Historic Poverty Bay and the East Coast, N.I., N.Z.
Chapter XIX — Spread of the Gospel to the East Coast
Spread of the Gospel to the East Coast
Ex-Cannibals as Evangelists—Taumata-a-Kura and Matenga Tukareaho—Native Chapels Before Mission Stations—Strict Observance of the Sabbath.
Strangely enough, the natives inhabiting the seaboard between Cape Runaway and Wairoa owed to the tribe which they dreaded most—the more warlike Ngapuhi—their first opportunity to become instructed in Christianity. From every district which the Ngapuhi visited during their devastating southern raids between 1818 and 1824, they took back prisoners to the Bay of Islands. Many of the captives were slain and eaten; the others were distributed as slaves among the northern chiefs. A large number of the exiles belonged to Ngati-Porou tribe.
Thanks to the missionaries, a small batch of East Coast captives was released in 1833 as a sequel to a fortuitous happening. The English whaler Elizabeth (Captain Black) had called at East Cape in April, 1833, and had carried on to the Bay of Islands some Ngati-Porou as involuntary passengers. They comprised a chief named Rukuata, who belonged to Rangitukia, and about a dozen other natives who were paying a visit to the vessel when she put off to the north.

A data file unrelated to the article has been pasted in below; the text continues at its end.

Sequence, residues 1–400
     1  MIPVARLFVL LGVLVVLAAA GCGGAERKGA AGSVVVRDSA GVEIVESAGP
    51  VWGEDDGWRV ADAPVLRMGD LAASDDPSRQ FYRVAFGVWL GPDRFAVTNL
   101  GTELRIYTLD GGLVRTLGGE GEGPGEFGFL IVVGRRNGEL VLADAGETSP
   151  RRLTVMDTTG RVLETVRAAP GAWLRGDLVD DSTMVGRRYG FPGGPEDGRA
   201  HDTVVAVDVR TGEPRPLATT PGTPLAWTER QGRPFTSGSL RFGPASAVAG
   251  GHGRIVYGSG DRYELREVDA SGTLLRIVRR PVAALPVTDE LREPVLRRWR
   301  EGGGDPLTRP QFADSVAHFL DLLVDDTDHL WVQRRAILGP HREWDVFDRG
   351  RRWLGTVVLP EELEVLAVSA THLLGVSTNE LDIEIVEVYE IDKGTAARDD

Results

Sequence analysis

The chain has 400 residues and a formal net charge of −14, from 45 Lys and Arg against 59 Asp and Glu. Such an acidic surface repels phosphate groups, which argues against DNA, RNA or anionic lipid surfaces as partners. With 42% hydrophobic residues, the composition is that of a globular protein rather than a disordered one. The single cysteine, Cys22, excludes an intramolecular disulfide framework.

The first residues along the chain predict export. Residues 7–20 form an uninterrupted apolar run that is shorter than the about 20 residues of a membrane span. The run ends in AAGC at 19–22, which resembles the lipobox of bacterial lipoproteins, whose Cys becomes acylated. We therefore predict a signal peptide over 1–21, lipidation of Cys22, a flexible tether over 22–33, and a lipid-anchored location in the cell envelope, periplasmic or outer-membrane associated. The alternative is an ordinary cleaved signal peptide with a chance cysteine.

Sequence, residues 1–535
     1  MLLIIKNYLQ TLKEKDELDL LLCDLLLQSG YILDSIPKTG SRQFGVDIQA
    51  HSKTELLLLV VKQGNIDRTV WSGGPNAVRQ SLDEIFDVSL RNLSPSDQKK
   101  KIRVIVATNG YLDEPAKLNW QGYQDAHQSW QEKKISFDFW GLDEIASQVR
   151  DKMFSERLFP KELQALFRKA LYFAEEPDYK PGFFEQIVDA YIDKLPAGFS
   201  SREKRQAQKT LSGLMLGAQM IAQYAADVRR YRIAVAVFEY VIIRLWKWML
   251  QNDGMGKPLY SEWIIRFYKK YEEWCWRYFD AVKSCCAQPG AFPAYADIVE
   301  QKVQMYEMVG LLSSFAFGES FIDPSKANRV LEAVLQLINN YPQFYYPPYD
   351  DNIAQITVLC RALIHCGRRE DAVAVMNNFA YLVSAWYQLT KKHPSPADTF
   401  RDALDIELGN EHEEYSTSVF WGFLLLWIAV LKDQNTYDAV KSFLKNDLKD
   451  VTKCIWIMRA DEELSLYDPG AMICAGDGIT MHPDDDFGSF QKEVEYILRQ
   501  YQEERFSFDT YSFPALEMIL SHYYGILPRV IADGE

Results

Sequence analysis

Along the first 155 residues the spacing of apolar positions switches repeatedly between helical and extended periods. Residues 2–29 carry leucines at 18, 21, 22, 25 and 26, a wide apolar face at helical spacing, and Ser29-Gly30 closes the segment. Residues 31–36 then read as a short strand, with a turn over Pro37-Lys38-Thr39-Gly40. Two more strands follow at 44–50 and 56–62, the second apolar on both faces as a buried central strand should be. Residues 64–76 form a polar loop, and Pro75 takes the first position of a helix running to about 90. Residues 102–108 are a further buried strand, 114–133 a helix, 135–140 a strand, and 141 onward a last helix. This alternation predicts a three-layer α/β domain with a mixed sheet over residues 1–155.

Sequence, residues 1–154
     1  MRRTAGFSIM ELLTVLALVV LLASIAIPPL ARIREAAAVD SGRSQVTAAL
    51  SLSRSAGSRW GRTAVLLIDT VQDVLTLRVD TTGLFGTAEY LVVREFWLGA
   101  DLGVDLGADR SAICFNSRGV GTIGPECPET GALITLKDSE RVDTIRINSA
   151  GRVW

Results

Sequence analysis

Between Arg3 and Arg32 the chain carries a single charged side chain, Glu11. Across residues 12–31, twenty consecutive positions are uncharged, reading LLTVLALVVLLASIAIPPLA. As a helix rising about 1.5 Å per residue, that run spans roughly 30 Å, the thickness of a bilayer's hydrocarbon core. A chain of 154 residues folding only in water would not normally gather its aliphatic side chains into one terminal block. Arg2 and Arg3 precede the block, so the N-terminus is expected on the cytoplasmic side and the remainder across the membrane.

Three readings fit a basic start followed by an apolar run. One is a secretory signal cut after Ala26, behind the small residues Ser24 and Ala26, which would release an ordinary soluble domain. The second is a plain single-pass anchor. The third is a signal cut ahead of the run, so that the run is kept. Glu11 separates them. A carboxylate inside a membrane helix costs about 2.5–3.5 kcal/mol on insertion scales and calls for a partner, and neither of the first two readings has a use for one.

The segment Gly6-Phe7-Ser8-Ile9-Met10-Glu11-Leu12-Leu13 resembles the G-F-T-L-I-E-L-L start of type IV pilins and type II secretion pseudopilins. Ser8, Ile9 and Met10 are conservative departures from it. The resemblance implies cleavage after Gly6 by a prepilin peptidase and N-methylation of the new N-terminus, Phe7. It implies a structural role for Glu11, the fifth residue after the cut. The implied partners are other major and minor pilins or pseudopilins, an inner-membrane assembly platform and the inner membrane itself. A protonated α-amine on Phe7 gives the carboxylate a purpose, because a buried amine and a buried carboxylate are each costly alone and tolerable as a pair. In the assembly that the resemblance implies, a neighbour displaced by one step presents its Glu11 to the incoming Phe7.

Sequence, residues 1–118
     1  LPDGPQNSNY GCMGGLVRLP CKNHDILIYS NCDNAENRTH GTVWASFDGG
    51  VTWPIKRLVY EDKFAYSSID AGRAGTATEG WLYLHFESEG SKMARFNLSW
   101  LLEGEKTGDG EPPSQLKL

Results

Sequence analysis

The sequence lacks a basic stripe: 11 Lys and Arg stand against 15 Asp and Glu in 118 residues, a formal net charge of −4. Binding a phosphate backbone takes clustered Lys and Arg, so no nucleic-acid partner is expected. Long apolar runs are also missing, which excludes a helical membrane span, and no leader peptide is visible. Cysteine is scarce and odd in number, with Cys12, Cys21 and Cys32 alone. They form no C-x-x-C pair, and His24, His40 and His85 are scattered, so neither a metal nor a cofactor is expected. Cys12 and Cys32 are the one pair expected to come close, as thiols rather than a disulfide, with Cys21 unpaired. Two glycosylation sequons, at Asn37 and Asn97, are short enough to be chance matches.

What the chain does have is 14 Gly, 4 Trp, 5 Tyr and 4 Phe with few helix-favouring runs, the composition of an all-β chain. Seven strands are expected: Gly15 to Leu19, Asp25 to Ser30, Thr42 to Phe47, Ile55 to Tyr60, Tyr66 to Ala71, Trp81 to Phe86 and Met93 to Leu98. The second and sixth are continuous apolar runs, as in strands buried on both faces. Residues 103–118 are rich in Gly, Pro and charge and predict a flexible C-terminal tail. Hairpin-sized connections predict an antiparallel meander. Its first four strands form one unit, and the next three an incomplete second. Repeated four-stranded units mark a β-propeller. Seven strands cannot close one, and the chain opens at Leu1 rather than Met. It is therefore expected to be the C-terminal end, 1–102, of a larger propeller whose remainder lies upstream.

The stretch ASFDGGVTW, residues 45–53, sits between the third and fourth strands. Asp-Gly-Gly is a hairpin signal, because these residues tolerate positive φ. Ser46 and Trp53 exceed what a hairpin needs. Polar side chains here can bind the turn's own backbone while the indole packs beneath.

Accounts differ as to whether these Ngati-Porou were carried away accidentally or deliberately. According to W. L. Williams, a gale sprang up and the captain had no option but to resume his voyage. On the other hand, Barnet Burns, in his narrative, avers that the captain kidnapped the natives because three of his crew were being harboured in the locality. [An account of the rescue of the deserters appears in the chapter entitled: “The East Coast Tattooed Trader.”] In evidence before the House of Commons Select Committee on Aborigines in February, 1836, the Rev. W. Yate (who was at the Bay of Islands when the Ngati-Porou were landed) suggested that Captain Black enticed them on board and landed them among the Ngapuhi in order to gain favour with the northern chiefs.